A 24-year-old professional performer woke up one day with red and white patches on his tongue. And soon after he felt pain throughout his mouth. He was on stage in the middle of rehearsal when his lips and palate started burning so badly he had to leave early.
“The pain was unbearable,” recalled Thomas, who prefers not to share his last name. At first he
learned he had geographic tongue, a condition that causes a red and white map-like pattern to appear on the tongue, but the normal tiny bumps are missing. Days later, he started getting additional symptoms of Burning Mouth Syndrome.
“It felt like needles dancing on my tongue,” Thomas described. “In the beginning, the pain was intermittent but then it was constant. I started frantically looking for answers.”
Thomas went to dentists, physicians, and pain specialists in New York City where he was working and also near his parents’ home in south Florida. He tried anti-fungal and dissolving mouthwashes, anti-depressants, and a long list of different medications. He tried sucking on ice, and he even tried laser treatments, which worked, but only briefly.
“I tried everything,” he said, but absolutely nothing helped alleviate his pain. “Every other specialist I had been to told me it would go away, and that it was caused by anxiety,” he said.
“I woke up every single day and my whole mouth was burning all day. It hurt to eat,” added Thomas, who lost 20 pounds in the process. One infectious disease doctor told him that he if he didn’t start eating, he would put Thomas on a feeding tube. His career suffered, and the relationship with his girlfriend ended. He spent weeks in therapy for depression and anxiety.
During his quest for information and solutions, he noticed that most people who suffer from Burning Mouth Syndrome are older women, which only added to his confusion and frustration. Depressed and distraught, he would ask his father to lie next to him many nights just so he could fall asleep.
One day, after some three months of being completely out of commission, Thomas was scrolling through a Facebook Group for geographic tongue. He posted a plea for help, saying he’d go anywhere. “In response, someone shared an article about how a doctor in Rochester, New York helped cure a woman with Burning Mouth Syndrome,” he said.
A couple weeks later, thanks to his grandfather who purchased airline tickets, Thomas and his father were sitting at the University of Rochester’s Eastman Institute for Oral Health, with Dr. Sharon Elad, the doctor featured in that article.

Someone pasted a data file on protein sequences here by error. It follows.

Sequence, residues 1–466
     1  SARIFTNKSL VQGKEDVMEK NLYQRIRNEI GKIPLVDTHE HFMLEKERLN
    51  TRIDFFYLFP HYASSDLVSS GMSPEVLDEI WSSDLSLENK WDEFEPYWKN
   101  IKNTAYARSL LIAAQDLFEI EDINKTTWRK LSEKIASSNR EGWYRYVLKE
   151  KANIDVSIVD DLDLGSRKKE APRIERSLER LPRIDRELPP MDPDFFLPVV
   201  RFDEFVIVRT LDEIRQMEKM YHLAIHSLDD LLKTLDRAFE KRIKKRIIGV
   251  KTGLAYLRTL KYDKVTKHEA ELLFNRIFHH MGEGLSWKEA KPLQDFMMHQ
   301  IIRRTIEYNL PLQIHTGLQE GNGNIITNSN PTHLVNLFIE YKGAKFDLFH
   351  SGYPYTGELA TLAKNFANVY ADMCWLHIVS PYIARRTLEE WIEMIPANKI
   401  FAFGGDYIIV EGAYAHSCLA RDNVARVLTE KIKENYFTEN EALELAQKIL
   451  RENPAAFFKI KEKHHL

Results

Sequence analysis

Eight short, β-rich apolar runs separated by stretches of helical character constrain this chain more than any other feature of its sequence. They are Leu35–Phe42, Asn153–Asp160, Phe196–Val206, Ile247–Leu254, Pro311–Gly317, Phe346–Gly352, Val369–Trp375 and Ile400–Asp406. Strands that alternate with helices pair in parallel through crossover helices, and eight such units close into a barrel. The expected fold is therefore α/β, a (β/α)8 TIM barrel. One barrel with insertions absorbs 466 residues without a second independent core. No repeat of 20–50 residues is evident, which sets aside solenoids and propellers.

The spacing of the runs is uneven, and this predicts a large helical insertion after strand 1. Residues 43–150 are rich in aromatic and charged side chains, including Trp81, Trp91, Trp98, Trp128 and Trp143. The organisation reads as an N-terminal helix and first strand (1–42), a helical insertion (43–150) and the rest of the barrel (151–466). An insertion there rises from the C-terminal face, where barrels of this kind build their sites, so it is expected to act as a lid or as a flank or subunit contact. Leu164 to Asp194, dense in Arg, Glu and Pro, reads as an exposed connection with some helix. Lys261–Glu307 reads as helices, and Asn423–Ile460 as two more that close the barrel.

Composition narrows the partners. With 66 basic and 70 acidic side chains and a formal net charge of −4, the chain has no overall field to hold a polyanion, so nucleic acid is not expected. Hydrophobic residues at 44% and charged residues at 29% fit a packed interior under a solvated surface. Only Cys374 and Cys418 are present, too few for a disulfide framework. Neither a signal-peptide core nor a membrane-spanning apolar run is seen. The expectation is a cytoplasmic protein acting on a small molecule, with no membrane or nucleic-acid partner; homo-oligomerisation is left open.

“Thomas was suffering with both Burning Mouth Syndrome and geographic tongue,” explained Dr. Elad, chair, Oral Medicine Division. “Generally, BMS and geographic tongue are unrelated conditions. It is unclear if in Thomas’ case there was a common denominator that flared up both.”
When two oral conditions overlap, Dr. Elad explained, the diagnostic process is more challenging and needs more steps to reach a diagnosis. “During this process, I carefully consider the details of the symptoms, and after numerous blood tests, I’m able to eliminate known possible systemic contributing factors.”
Dr. Elad also conducted clinical exams at several time points using intra-oral camera and telemedicine to communicate remotely. Based on Thomas’s responses at each visit, the treatment was sometimes modified.
“She’s really cool and understanding and honestly I have not been to another doctor who gets it like she does. The others just don’t know,” Thomas said. “Dr. Elad is great.”
Dr. Elad used several compounds for a specialized mouthwash that she prescribed Thomas. It was the magic bullet he’d been hoping for.
“BMS can cause extreme oral pain and for many patients, it can be debilitating and negatively impact their quality of life,” said Dr. Elad, who added that while BMS does occur among older women, she has numerous younger male and female patients who also have it.
“Unfortunately, we don’t know why people get it at any age,” she added. “Geographic tongue is usually asymptomatic, but in a small portion of the patients, it may cause symptoms, and is usually treated with topical steroids.”
Because Thomas’s symptoms were severe, Dr. Elad treated him with compounds and modified it gradually until an optimal effect was achieved. “The patient’s collaboration is key to go through the steps successfully,” Dr. Elad added. “I am very happy that Thomas feels better!”
“Dr. Elad has gone above and beyond with me and I’m really grateful,” said Thomas, whose pain has disappeared almost completely.
Dr. Elad and Thomas used telehealth during peak COVID months to connect due to travel restrictions. He uses an intraoral camera guided by Dr. Elad’s direction. “Our telehealth services are only available within New York State, and we are working to extend it,” Dr. Elad explained.
“If I didn’t see that article, I would still be sitting around depressed, trying to figure out what’s wrong with me,” said Thomas, who has gained the weight back, is sleeping well and waiting for theaters to re-open so he can get back to work singing and dancing. “People who suffer from this do not know why it happens. I think it’s important for people to know they can get help for this and know they’re not nuts.”